I2,300 years ago, the ancient Chinese poet Qu Yuan wrote the poem “Tianwen” or “Questions of Heaven”. Only now has China’s Tianwen spacecraft begun flying missions designed to find some celestial answers. And like Space.com reportsthese missions become increasingly ambitious.
In 2020, Tianwen 1 spacecraft was launched to Mars carrying the Zhurong rover, which successfully landed on the Red Planet’s surface in May 2021. China has already announced plans to launch Tianwen 2 on a sample return mission to a near-Earth asteroid Kamo’oalewa in 2025 and follow that with Tianwen 3, flying its own sample return mission to Mars in 2028.
But just this week, at the International Astronautical Congress in Paris, China went even further, unveiling plans for an ambitious two-planet mission to Tianwen 4 as early as 2030. The mission would involve two spacecraft, the larger of which would be directed to Jupiter and will enter orbit around the Jovian moon Callisto. A second, smaller spacecraft will then fly to Uranus.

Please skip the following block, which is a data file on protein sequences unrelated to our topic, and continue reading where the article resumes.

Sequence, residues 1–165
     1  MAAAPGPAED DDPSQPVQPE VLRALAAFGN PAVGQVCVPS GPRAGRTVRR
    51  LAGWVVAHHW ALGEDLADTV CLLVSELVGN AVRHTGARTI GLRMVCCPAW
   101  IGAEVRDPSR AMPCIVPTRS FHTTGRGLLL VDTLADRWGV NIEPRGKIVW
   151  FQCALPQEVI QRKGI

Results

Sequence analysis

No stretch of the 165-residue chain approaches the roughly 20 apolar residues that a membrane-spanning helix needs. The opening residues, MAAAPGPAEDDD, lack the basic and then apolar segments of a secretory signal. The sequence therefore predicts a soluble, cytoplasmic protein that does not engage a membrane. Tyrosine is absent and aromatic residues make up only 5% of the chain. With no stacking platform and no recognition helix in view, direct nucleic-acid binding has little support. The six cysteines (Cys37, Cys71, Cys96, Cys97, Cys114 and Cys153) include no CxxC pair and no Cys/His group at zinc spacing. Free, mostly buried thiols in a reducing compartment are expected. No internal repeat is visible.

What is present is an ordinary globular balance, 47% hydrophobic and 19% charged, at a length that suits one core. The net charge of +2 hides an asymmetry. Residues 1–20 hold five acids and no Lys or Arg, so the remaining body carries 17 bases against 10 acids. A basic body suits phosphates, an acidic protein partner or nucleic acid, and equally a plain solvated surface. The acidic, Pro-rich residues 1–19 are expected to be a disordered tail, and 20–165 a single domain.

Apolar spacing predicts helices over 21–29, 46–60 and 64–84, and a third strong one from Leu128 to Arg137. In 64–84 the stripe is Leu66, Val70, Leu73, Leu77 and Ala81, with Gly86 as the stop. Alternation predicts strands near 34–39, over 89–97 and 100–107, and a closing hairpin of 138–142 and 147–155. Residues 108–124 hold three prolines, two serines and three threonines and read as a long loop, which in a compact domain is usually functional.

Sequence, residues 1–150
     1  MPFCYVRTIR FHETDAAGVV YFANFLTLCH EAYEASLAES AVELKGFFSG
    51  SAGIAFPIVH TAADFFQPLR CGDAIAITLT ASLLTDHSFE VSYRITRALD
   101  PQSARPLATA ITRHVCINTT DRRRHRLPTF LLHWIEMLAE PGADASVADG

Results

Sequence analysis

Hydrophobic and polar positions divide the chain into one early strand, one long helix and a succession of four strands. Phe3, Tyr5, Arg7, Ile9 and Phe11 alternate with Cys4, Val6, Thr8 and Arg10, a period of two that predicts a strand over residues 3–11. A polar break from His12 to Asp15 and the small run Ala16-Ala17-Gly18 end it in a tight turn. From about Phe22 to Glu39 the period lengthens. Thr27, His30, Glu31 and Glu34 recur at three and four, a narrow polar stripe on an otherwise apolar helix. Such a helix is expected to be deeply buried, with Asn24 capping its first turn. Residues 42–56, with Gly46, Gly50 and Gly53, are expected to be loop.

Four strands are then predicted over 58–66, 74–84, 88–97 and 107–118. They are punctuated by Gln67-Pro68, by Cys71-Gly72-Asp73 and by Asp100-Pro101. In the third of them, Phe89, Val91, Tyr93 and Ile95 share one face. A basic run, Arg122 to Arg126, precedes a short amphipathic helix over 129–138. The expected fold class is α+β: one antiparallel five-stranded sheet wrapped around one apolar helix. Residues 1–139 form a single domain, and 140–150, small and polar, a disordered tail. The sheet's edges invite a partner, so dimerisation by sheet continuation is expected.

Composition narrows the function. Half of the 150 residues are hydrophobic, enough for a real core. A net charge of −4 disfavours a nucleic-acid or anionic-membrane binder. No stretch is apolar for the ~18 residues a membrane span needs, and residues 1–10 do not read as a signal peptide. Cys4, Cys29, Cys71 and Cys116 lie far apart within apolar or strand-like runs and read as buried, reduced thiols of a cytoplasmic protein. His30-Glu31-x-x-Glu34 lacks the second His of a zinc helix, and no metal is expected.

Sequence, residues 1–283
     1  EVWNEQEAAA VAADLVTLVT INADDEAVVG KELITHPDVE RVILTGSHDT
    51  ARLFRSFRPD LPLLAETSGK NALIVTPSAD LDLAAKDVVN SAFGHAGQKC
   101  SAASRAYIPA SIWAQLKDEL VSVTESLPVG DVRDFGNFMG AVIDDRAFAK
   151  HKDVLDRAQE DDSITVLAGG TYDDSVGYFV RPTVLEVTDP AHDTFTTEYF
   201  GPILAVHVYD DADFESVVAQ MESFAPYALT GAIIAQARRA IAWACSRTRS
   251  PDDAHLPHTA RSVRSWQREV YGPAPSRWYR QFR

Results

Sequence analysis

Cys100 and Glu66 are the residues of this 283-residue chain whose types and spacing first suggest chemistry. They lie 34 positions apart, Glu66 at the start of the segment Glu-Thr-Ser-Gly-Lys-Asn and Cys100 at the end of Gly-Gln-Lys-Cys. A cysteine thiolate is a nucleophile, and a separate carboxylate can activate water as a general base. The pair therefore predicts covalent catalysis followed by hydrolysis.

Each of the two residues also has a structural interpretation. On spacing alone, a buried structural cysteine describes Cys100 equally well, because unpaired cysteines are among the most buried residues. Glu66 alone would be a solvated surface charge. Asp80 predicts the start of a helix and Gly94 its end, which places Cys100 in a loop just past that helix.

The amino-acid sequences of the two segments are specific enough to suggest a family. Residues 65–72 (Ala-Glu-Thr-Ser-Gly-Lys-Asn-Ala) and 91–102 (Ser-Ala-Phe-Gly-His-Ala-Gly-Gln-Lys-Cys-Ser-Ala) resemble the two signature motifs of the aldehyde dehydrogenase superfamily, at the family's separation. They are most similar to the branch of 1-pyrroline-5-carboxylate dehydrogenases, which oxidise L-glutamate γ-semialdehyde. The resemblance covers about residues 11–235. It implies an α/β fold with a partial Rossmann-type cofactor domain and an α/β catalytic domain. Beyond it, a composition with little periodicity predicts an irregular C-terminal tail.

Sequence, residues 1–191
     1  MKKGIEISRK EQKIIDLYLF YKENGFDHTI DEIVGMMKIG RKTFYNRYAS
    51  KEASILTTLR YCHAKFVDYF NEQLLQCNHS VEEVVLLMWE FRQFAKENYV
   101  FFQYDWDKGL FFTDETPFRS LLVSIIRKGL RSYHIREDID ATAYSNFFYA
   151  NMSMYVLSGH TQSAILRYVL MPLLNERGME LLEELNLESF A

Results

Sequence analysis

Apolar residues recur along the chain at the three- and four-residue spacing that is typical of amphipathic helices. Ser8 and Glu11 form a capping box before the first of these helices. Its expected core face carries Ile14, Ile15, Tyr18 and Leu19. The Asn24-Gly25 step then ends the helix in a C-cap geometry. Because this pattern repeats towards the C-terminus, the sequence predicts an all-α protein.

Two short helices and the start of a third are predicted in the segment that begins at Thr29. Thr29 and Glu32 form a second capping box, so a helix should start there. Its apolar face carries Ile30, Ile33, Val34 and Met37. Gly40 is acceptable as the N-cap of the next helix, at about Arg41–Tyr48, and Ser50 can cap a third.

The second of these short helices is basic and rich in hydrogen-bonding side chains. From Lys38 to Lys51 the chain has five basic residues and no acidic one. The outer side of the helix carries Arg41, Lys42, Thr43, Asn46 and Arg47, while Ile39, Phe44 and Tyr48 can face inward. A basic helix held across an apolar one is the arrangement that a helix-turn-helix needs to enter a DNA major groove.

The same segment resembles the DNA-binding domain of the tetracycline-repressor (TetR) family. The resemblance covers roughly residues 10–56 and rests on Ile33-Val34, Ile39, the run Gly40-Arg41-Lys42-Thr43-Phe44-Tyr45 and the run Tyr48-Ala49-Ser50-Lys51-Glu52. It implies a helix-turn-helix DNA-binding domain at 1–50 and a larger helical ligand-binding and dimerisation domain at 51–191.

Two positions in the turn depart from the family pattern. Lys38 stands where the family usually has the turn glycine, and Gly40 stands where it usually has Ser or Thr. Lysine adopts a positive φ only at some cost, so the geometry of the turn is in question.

Nine NASA spacecraft have flown or orbited Jupiter, although no one has ever orbited any of its moons. Only one spacecraft, that of NASA Voyager 2once scouted Uranus, flying past the planet in 1986. Both Chinese spacecraft could also make an asteroid flyby on its way to the outer solar system, although that possibility has yet to be decided.
“Science objectives are still being considered,” Wang Qiong of the China National Space Administration told Space.com. Beijing started the space game late – especially compared to the US and the old Soviet Union. But now he is making up for lost time decisively.
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